How hard should I torque the transmission drive plate bolts?
Ford never issued any torque specifications for Model T's, the method used then was to use a proper length of the tool so the torque got about right for a medium strong man = not very precise, but it usually worked.
I'm only using my torque wrench for the head bolts, the main and rod bearings and the transmission/flywheel bolts in the engine. You can use loctite and wire the bolts together to make sure they won't fall off.
It's common to find cracks in the 26/27 brake drums where these bolts goes - such a brake drum sholdn't be used. There are good ones out there - I've found a few. Reverse drums without cracks is harder to find. A reproduction drum is another more expensive option.
Just tighten the bolts. Sheesh.
..And tighten them in a cross wise pattern like all assemblies with several bolts
Here's a link to a site with generic torque values for various english size bolts:
The MTFCA DVD (Restoring the Transmission II)I watched suggested 35-40 lbs. At 35lbs two of them stripped. I just wanted to make sure I didn't strip them again.
Have you checked your torque wrench? 30-35 is about all an average person can get with a regular socket and 3/8" ratchet wrench or box wench. Torque specs didn't exist in the Model T era so any specs suggested are approximate to say the least. And if the bolts were wet (lube, antiseize, etc.), the spec should be reduced drastically.
Reminds me of an event with the B.I.L. I was helping him install a trailer hitch on his truck. The hardware was all grade-8 9/16" and made in USA. All he had was a 1/2" ratchet wrench and appropriate sockets. They're what, 10" long? He asked how tight they should be and I said; "As tight as you can get them". That was a mistake! I didn't take into account his stature and strength. He promptly twisted a bolt in two. I tighten the rest and had him put another 1/16 turn on them.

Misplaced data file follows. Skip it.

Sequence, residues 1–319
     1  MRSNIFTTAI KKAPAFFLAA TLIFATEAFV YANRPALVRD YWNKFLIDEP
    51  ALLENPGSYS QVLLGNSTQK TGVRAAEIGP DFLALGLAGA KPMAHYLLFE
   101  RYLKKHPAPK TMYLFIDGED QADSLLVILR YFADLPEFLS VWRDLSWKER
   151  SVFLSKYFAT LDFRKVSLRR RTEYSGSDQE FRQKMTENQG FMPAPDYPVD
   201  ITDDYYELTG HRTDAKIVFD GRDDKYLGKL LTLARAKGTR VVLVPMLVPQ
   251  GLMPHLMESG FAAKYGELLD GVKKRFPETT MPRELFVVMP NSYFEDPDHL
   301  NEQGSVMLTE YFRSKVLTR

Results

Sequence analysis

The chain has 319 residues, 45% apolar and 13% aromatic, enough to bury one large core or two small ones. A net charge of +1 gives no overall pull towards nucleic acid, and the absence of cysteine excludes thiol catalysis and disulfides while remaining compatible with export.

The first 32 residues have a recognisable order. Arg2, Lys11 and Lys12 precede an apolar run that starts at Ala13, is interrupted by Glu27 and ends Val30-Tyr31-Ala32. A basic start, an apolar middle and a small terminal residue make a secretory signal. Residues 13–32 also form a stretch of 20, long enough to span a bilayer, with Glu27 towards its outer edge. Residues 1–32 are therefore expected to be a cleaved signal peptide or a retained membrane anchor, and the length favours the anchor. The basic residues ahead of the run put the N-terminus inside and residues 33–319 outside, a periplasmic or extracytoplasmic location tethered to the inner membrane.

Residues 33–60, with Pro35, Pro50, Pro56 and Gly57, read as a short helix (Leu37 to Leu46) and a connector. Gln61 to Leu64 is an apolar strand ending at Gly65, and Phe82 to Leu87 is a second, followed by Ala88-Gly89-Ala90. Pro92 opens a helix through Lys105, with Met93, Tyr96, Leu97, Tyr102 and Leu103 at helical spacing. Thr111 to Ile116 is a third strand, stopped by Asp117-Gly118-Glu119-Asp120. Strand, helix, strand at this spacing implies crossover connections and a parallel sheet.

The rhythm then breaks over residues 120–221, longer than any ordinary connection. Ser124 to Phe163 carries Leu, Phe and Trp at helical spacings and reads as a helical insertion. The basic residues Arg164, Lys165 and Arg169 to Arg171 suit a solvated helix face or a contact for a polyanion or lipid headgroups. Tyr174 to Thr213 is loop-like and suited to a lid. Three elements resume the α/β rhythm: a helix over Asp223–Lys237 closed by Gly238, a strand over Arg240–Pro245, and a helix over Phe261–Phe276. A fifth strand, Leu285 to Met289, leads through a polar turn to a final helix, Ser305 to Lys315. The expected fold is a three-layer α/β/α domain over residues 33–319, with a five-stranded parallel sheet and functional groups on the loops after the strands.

If you look at a set of wrenches 3/8 to 1 inch they come in different lengths. That is the built in torque setting. Without going out to measure I think the Ford wrench for the rod nuts is something like 7 to 8 inches. The average man pulling that wrench can only pull it so tight, which is about 35 LBs. A 9/16 wrench (normal type not special) is about 6 inches, that's how tight you want to go. Even using a normal length 1/2 inch socket wrench might be too much torque unless you choke up on the handle.
35-40 lbs is too tight. Overtightening these bolts risks cracking the bosses that hold the internal threads, at least on the earlier brake drum. I snug them up with a thin wall socket and 3/8" ratchet. If I had to put a value on the torque, I'd say 25 ft lbs. maybe a bit more.
Thanks. I thought 35lbs. felt too tight. I should have followed my feeling.
Don't confuse bolt head size with the nominal size given for bolts. A 9/16" bolt usually requires a 13/16" wrench size for the head. A 9/16" wrench will not fit a 9/16" bolt. A 9/16" wrench is for a 3/8" bolt. (Standard sizes)
I'm pretty certain the factory used speed wrenches during assembly. They're shown in use throughout other assembly operations in many factory photos. About the most you can get on this type of wrench is about 20-25 ft/lbs. That's what I would use. They won't come loose since they're supposed to be wired together in pairs.
For what it is worth. I just first read the question. My very first thought was "about 20 pounds". I do not know who wrote that book, and hope I do not offend anyone too much? But the threads in the drum are cast iron and not nearly as strong as a good steel. 35 to 40 sounds good for a good quality steel into steel and solid compression torque. My "first thought" may be a little low. But all I have ever done on those bolts is a good hard pull with a short handled wrench. Then wire the bolt heads reasonably well.
Drive carefully, and enjoy, W2
Sure it wasn't stated as inch/lbs?
Just to clear up, I meant 35 for the Ford rod nut wrench not the 6 inch 9/16. 20 ish sounds about right.
Richard is right, NOT under 25 foot pounds, and not over 30, and oil the threads.
Thanks Khonkne, Great low tech way to measure between pulley and drive plate!